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Timecop 2: The Berlin Decision is a 2003 Direct to Video sequel to Timecop.

In 2025, the Time Enforcement Commission, the agency set up to monitor time travel, has been in dispute with a rival agency, the Society for Historical Authenticity, that believes the technology should be used to change the mistakes of the past. When TEC agent Ryan Chang arrests their leader Brandon Miller for a failed attempt to assassinate Hitler, the latter escapes and sets out to remove all the time agents who opposed him from history.


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This film provides examples of:

  • Amazingly Embarrassing Parents: Chang materialises in a 1988 nightclub, and sees his young parents disco dancing.
    Ryan: "Mom? Dad? That is just so wrong."
  • Badass Bystander: The second of Chan's ancestors who Miller tries to kill works as a hostess at a Chinese restaurant her boyfriend owns. Said boyfriend, the waitress, and the cook all fight Miller with martial arts moves (and some cleavers in the cook's case), driving him away and saving his target without any help from Chan.
  • Butterfly of Doom: The villain, who was one of the former students of the protagonist's father (a physics professor and time travel theorist), has a heated argument at a lecture in 2002 about whether time travel implies an obligation to undo the tragedies of the past. His teacher warns him about the possibility that something worse may happen in their place.
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  • Deliberate Values Dissonance: Springfield, 1881:
    Jim: "We don't serve your kind in here."
    Chang: "What kind's that?"
    Jim: "What kind is that? Well, I could tell you, Chinaman, but I might just have to kill you. So, if I were you, I would just back out those doors... before you buy the business end of Ol' Smokey, here."
  • Doppelmerger: An encounter between an individual and their past self will cause the two to involuntarily fuse into a horrific melding of flesh.
  • Eyepatch After Time Skip: O'Rourke sports an eyepatch when Chang returns from trying to stop Miller.
  • Future Me Scares Me: The villain scares his past self. So much that his younger self may change his future.
  • Great Offscreen War: The first sign that Miller ignoring Hitler's Time Travel Exemption Act is having unpleasant consequences like Josh Chan warned are constant vague references to a catastrophic war where Doc's husband and Chan's parents died and O'Rourke lost an eye.
  • He Who Fights Monsters: Brandon doesn't realize he's become like the monsters he wished to erase from history. Or does but doesn't care, presumably under the belief that it takes one to kill one.
  • Hitler's Time Travel Exemption Act: In the opening the protagonist has to stop the well-intentioned but extremist villain from assassinating Hitler at a concert precisely because of the possibility of unforeseen consequences.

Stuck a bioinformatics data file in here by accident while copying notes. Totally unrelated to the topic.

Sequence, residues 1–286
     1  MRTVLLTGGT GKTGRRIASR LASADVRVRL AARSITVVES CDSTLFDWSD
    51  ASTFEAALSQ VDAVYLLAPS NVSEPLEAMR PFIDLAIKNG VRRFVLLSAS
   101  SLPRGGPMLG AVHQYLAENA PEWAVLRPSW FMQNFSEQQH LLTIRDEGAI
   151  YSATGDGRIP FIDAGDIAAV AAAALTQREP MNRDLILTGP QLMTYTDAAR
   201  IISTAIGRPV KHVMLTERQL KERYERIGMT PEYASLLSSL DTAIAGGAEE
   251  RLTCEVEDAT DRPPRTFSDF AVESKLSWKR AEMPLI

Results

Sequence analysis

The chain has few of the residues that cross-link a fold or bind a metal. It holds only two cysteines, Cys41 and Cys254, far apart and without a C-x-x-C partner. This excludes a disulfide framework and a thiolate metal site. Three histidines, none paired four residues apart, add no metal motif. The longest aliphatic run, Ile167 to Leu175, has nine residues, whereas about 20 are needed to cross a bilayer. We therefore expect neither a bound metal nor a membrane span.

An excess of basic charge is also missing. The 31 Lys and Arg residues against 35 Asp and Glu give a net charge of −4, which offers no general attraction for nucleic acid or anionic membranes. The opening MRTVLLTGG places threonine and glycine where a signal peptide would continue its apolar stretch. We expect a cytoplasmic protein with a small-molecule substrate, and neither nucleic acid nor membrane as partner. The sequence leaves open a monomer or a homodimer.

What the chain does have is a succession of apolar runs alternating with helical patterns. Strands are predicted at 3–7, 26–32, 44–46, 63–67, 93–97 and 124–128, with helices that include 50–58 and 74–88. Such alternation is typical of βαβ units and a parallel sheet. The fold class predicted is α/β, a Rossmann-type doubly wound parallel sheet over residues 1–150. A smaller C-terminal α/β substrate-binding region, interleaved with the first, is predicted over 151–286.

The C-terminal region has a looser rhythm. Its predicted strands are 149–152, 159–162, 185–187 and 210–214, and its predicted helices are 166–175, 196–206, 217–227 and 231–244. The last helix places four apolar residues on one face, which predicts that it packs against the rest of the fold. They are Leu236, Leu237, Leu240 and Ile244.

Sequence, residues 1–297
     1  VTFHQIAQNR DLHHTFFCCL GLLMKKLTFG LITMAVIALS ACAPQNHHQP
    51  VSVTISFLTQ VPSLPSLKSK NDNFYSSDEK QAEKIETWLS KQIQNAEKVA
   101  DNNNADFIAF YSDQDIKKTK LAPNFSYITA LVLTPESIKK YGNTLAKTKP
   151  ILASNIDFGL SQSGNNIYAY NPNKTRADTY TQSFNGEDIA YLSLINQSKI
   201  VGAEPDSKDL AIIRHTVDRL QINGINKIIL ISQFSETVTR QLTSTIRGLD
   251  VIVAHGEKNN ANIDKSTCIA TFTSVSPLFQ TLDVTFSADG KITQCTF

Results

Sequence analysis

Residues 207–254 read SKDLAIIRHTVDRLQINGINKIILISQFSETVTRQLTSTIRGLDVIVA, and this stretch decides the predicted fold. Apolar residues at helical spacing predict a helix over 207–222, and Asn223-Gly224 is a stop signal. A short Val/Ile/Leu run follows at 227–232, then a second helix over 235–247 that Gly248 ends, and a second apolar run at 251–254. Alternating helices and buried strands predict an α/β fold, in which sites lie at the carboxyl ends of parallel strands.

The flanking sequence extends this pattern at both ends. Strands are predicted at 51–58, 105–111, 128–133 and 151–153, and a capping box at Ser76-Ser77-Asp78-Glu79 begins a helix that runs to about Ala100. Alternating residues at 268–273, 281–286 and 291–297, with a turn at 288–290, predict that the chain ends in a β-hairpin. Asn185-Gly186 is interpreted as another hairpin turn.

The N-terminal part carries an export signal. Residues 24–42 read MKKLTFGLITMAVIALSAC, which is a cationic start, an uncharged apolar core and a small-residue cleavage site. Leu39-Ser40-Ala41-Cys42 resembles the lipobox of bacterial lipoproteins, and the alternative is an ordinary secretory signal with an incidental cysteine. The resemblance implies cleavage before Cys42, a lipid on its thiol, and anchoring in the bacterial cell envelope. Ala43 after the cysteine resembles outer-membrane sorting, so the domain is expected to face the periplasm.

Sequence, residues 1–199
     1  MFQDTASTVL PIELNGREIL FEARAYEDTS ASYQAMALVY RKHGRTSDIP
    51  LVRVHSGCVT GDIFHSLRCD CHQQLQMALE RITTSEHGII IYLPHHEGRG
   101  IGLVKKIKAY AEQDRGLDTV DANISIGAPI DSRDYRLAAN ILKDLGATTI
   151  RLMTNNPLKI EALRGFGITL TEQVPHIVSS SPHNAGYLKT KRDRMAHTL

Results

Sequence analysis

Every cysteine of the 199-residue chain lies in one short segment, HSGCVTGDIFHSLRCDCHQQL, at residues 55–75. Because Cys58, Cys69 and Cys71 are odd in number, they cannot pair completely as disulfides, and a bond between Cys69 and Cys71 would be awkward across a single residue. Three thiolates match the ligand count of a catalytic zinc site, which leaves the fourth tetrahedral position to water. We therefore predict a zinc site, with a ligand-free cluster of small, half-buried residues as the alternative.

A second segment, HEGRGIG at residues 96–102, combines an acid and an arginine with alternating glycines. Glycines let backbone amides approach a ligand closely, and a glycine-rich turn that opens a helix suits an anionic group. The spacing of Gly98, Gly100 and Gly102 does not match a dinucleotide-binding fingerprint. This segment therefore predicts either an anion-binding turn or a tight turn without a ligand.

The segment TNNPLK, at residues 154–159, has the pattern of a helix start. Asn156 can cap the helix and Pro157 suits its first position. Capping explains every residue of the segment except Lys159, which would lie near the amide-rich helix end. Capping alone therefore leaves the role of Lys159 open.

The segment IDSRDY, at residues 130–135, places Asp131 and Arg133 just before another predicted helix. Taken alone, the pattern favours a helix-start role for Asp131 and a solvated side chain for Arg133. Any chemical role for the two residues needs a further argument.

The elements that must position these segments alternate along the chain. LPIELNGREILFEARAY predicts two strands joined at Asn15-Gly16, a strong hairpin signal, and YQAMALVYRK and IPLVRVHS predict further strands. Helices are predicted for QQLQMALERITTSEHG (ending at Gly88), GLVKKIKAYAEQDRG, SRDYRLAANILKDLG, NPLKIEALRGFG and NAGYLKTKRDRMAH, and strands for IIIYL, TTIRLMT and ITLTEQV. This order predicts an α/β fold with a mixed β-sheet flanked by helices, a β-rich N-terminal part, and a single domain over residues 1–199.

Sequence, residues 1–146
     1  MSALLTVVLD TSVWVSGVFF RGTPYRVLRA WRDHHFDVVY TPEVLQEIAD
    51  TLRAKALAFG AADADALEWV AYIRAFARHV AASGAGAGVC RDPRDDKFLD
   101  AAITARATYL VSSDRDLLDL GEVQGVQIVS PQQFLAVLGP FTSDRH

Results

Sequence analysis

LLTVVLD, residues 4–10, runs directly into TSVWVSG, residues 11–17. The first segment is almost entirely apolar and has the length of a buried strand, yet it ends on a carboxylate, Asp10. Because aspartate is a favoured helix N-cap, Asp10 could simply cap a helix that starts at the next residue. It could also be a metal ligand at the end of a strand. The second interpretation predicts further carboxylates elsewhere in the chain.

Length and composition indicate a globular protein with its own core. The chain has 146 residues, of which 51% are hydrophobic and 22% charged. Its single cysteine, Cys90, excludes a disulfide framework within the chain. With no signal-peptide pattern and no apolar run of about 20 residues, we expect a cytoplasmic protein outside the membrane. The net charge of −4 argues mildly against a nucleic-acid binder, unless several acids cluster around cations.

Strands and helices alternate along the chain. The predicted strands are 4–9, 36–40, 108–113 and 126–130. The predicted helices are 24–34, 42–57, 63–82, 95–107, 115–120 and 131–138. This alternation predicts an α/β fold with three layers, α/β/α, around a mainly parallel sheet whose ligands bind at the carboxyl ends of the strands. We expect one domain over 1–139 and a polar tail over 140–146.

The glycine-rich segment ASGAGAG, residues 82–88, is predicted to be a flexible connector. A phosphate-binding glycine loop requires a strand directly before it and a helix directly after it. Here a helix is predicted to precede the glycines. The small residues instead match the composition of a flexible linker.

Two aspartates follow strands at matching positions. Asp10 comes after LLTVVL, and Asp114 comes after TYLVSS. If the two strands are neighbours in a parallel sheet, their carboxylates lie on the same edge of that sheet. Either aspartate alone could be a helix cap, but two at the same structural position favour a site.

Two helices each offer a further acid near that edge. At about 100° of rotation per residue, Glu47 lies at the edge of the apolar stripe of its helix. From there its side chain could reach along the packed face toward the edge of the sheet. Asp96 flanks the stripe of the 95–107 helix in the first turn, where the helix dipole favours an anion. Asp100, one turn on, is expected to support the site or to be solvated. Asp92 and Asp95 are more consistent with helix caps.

• Identical Grandson: Two of Chan's ancestors (1881 Soiled Dove Rose and her granddaughter, 1929 restaurant hostess Frances) are played by the same actress.
  • Laughing Mad: The 1988 nightclub's patrons when the meat cleaver from 1929 follows Chang:
    "Dude, I am telling you - the air opened up and it flew right into the wall!"
  • The Lost Lenore: The death of his wife Sasha makes Miller more brooding and ruthless. He imagines a stranger having her face in one scene and is awestruck to briefly encounter her again when he travels back in time to 2002.
  • "Mister Sandman" Sequence: For each scene set in the past, instead of the date subtitles in the original film.
  • Never the Selves Shall Meet: Coming into physical contact with your past self in this movie does not cause the person in question to melt out of existence, but results in them fusing into straight-up Body Horror.
  • Officer O'Hara: Agent Ryan Chang is forced to defend himself against some belligerent ones in late 19th-century Atlantic City.
  • Ret-Gone: The villain goes on a mission to erase all his enemy time agents from history so that he can interfere in history undisturbed.
  • Sacrificial Lion: Jeffers has a lot of prominence for the first third of the film as an Action Girl and Chan's friend and partner. Then, once Miller gets the means to Ret-Gone his enemies, Jeffers is his first victim. She gets better in the final scene.
  • Set Right What Once Went Wrong: Played with, as both the hero and the villain are trying to set right what once went wrong from their own perspectives. The villain is a Well-Intentioned Extremist who wants to be allowed to correct the mistakes of the past, only to be stopped by the time agents because of the possibility of disaster. When he proceeds to erase them from history, the hero goes back to undo his tinkering before he suffers the same fate.
  • Time Is Dangerous: As opposed to the launch pad from the first film, here they use a different method of travel which can cause the time traveler to disintegrate upon departure, which is increasingly more probable if the same person goes through it repeatedly within a short period of time (from his/her point of view).
  • Timey-Wimey Ball: The sequel plays with time travel much more than the first one. In the end, it is implied that all the preceding events of the movie never happened because the villain accidentally changed his own past.
  • Well-Intentioned Extremist: The villain, Brandon Miller, believes that time travel should be used to right the wrongs of the past by actively interfering in established history. He is willing to go to the extent of erasing all his opponents from history and doesn't care about the possibility of unwanted and unforeseen outcomes.


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